The operation of the switch thus constructed will now be described. In FIG. 1, the movable contact 13 is in contact with the stationary contacts 8 and 8, so that contacts 8 and 8 are connected and electrically conductive to each other, when the engaging knobs 14 and 14 of the movable contact 13 are positioned substantially at the mid-points of the guides 12 and 12. Under this condition (FIG. 1), as the operating rod 10 is moved downward, the contact holder 11 is also moved downwardly, so that the guides 12 and 12 slide with respect to the engaging knobs 14 and 14 of the movable contact 13. However, the spring 15 applies an upward force to the movable contact 13 so that the movable contact 13 is maintained in contact with the stationary contacts 8 and 8. Therefore, in the initial operation of lowering the control rod 10, the engaging knobs 14 and 14 are not moved downward, but instead the engaging knobs slide in a lateral direction (in the direction of the arrow A, or horizontally). This direction is substantially perpendicular to the opening and closure direction of the movable contact 13 with the stationary contacts 8 (the vertical or axial direction of the operating rod holder 9). Accordingly, the movable contact 13 slides across the stationary contacts 8 and 8. When the engaging knobs 14 and 14 reach the upper ends of the guides 12 and 12 as indicated by the solid lines in FIG. 4, these engaging knobs 14 and 14 push the movable contact 13 downward against the elastic force of the spring 15. As a result, the movable contact 13 is separated apart from the stationary contacts 8 and 8 as indicated by the broken line in FIG. 4. Upon release of the operating rod 10, the above-described operations are carried out in the reverse order. Accordingly, the movable contact 13 slides in the direction opposite to the direction of the arrow A after making contact with the stationary contacts 8 and 8.
In the above-described switch, the movable contact 13 is moved in the axial direction of the operating rod 10 to engage and disengage the stationary contacts 8 and 8. Therefore no frictional resistance is involved in the vertical movement. Furthermore, as the movable contact 13 slides laterally a short distance before disengaging from the stationary contacts 8 and 8 and it further slides after it has engaged the stationary contacts 8 and 8, oxide films which are liable to develop on the stationary contacts 8 and the movable contact 13 are scraped off. Accordingly, these contacts are maintained electrically conductive at all times. Since the opposed connecting point contacts are employed, the sliding region of the movable contact 13 is determined by only a part of the operating region of the operating rod 10. This is the region before the movable contact 13 leaves the stationary contacts 8 upon disengagement and after the movable contact 13 contacts the stationary contacts 8 after reengagement. Accordingly, in this case, the frictional resistance is very low, and conductive metal powder is scarcely created. Therefore, even when the contacts 8 and 13 are coated with lubricant such as grease, they are well-insulated upon disengagement.
FIG. 5 shows a second embodiment of the invention. The second embodiment is different from the first embodiment in that the contact holder 11 has guides 16 protruding from the two opposed walls, and the movable contact 13 has engaging cuts 17 which are engaged with the guides 16. The effects of the second embodiment are similar to those of the first embodiment.
In the above-described embodiments, the guides are provided on the side of a piece connected to the operating rod, and the engaging knobs or cuts are provided on the side of the movable contact. However, the switch may be so modified that the engaging knobs or cuts are provided on the side of the operating rod 10 and the guides are provided on the side of the movable contact 13. In addition to the stationary contacts 8 and 8 in FIG. 1, two more stationary contacts may be provided on the botton of the base member 4 in such a manner that they confront and contact the aforementioned movable contact 13. In this case, a two-circuit change-over switch can be provided.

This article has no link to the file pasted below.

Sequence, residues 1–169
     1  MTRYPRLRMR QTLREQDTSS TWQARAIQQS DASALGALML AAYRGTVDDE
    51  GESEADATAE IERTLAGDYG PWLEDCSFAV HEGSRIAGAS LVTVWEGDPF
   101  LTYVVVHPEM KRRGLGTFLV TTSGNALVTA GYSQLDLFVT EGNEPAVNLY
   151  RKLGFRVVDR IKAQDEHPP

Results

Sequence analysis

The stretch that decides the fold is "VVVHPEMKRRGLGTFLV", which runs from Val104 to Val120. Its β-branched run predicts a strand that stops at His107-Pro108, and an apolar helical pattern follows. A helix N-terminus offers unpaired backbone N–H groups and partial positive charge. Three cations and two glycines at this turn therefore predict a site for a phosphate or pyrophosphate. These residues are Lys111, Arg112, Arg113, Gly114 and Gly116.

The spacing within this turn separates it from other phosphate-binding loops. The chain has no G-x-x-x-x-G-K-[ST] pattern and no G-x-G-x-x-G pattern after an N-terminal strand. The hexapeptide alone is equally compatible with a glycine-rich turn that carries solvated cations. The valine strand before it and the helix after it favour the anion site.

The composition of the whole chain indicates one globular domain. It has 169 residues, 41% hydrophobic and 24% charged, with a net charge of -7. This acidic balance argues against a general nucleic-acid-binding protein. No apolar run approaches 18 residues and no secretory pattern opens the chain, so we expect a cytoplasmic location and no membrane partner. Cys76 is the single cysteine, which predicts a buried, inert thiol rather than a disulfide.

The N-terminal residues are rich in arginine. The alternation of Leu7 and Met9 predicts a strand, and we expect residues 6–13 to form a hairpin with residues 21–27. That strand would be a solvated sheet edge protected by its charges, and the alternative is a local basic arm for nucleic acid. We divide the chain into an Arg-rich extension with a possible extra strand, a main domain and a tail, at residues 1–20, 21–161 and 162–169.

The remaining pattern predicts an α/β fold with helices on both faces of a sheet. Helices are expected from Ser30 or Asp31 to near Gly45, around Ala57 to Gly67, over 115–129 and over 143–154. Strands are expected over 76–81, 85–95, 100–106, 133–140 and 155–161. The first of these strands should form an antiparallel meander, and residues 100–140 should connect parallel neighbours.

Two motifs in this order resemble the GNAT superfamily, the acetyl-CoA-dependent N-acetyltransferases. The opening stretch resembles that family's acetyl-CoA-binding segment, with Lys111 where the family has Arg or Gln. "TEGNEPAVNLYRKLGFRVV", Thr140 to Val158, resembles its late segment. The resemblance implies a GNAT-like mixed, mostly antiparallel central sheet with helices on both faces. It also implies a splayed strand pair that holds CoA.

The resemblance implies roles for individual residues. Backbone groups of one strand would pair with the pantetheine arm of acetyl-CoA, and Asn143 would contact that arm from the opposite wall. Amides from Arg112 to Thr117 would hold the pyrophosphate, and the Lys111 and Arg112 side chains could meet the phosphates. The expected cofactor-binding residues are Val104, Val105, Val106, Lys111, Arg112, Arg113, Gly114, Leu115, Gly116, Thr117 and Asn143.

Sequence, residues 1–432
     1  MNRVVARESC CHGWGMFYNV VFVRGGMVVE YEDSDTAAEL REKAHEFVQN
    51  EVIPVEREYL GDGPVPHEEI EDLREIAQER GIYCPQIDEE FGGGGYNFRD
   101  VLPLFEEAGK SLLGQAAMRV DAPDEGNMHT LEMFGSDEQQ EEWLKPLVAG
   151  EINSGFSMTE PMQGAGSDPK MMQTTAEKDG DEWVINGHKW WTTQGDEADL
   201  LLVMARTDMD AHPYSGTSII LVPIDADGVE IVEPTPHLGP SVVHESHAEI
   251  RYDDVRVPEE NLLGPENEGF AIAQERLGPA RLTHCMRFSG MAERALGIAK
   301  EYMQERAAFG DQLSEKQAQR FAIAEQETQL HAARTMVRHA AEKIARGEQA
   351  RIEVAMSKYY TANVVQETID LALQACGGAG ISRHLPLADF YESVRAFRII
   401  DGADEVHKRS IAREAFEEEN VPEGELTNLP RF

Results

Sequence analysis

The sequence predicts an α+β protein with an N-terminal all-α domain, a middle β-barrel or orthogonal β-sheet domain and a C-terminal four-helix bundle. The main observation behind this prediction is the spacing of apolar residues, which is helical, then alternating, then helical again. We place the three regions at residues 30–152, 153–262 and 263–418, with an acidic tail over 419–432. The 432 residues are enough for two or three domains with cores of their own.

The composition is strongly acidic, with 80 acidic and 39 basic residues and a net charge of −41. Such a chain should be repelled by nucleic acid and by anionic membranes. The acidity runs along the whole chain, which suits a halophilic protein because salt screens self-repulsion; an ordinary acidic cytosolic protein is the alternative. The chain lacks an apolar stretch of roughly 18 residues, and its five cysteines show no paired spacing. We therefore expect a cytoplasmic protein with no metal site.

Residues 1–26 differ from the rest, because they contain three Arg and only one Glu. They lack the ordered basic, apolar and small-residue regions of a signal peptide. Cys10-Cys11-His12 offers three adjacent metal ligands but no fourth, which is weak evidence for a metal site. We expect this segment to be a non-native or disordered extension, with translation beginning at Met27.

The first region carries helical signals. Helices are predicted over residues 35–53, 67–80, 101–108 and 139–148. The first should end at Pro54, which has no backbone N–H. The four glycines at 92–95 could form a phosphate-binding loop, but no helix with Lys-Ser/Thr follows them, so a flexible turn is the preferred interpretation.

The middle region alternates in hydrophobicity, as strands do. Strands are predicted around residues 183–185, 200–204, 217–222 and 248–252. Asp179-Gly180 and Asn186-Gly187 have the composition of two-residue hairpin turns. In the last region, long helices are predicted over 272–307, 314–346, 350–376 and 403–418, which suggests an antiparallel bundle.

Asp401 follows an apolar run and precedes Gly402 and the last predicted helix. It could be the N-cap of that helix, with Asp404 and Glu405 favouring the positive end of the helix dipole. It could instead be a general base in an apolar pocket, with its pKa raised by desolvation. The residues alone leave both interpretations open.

As is apparent from the above description, the specific feature of the invention resides in the opposed contact type switch in which the stationary contacts and the movable contact are separated along the axis of the operating rod. The operating rod moves the movable contact along its axis into and out of engagement with the stationary contacts. Oblique guides are provided on the sides of either the operating rod or movable contact, and engaging means are provided on the other side of these which engage with the guides and slides the movable contact in the lateral direction substantially upon the operation of the operating rod. The movable contact is maintained in contact with the stationary contacts during the sliding motion so that the contacts are prevented from developing unsatisfactory conduction and insulation properties. Accordingly, the stationary and movable contacts can be made of inexpensive material such as copper-based material, which contributes greatly to a reduction of the manufacturing cost.
|Cited Patent||Filing date||Publication date||Applicant||Title|
|US2583139 *||Nov 1, 1949||Jan 22, 1952||Westinghouse Electric Corp||Auxiliary contact device for electric contactors|
|US3099734 *||Mar 24, 1960||Jul 30, 1963||Ward Leonard Electric Co||Electrical relay|
|US3539749 *||Dec 18, 1968||Nov 10, 1970||Western Electric Co||Movable contacts with oppositely inclined keying slots for providing wiping action in a pushbutton switch|
|US3586810 *||Feb 9, 1970||Jun 22, 1971||Littelfuse Inc||Waterproof plunger actuated switch assembly|
|US3624332 *||Sep 9, 1970||Nov 30, 1971||Oak Electro Netics Corp||Snap switch|
|US4053726 *||Feb 24, 1976||Oct 11, 1977||Indak Manufacturing Corporation||Push-button electrical switch|
|JP40004433A *||Title not available|
|JP41012521A *||Title not available|
|JPS5611698A *||Title not available|
|Citing Patent||Filing date||Publication date||Applicant||Title|
|US4616116 *||Mar 8, 1985||Oct 7, 1986||Alps Electric Co., Ltd.||Switch|
|US4725698 *||Dec 1, 1986||Feb 16, 1988||Du Pont Japan Ltd.||Electric connector device|
|US4838814 *||Dec 15, 1987||Jun 13, 1989||E. I. Du Pont De Nemours And Company||Connector apparatus for connecting a signal line with an external circuit|
|US5508480 *||Sep 24, 1993||Apr 16, 1996||Jpb Enterprises, Inc.||Modular electrical switch and switching assembly for industrial elevators|
|US7241958 *||Dec 27, 2006||Jul 10, 2007||E.M.B. Corporation||Plunger switch|
|EP0753870A1 *||Jun 19, 1996||Jan 15, 1997||TRW SIPEA S.p.A.||Automotive switching device, particularly for controlling stop lights|
|U.S. Classification||200/16.00A, 200/242, 200/16.00B|
|International Classification||H01H13/12, H01H1/18, H01H1/12|
|Cooperative Classification||H01H13/12, H01H1/18|
|European Classification||H01H13/12, H01H1/18|
|Dec 14, 1984||AS||Assignment|
Owner name: KABUSHIKI KAISHA TOKAI RIKA DENKI SEISAKUSHO AICHI
Free format text: ASSIGNMENT OF ASSIGNORS INTEREST.;ASSIGNOR:SUZUKI, MASARU;REEL/FRAME:004339/0670
Effective date: 19830930
Owner name: KABUSHIKI KAISHA TOKAI RIKA DENKI SEISAKUSHO,JAPAN
Free format text: ASSIGNMENT OF ASSIGNORS INTEREST;ASSIGNOR:SUZUKI, MASARU;REEL/FRAME:004339/0670
Effective date: 19830930
|Jul 26, 1988||FPAY||Fee payment|
Year of fee payment: 4
|Jul 20, 1992||FPAY||Fee payment|
Year of fee payment: 8
|Oct 1, 1996||REMI||Maintenance fee reminder mailed|
|Feb 23, 1997||LAPS||Lapse for failure to pay maintenance fees|
|May 6, 1997||FP||Expired due to failure to pay maintenance fee|
Effective date: 19970226